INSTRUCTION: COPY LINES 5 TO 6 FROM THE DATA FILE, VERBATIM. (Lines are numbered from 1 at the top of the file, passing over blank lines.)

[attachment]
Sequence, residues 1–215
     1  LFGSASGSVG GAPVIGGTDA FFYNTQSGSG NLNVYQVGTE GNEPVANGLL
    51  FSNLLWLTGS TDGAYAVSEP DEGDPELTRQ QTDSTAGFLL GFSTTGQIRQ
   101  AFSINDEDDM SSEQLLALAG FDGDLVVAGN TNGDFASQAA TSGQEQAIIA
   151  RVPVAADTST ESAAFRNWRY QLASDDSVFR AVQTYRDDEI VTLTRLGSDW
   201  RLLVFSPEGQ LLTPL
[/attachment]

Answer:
   151  RVPVAADTST ESAAFRNWRY QLASDDSVFR AVQTYRDDEI VTLTRLGSDW
   201  RLLVFSPEGQ LLTPL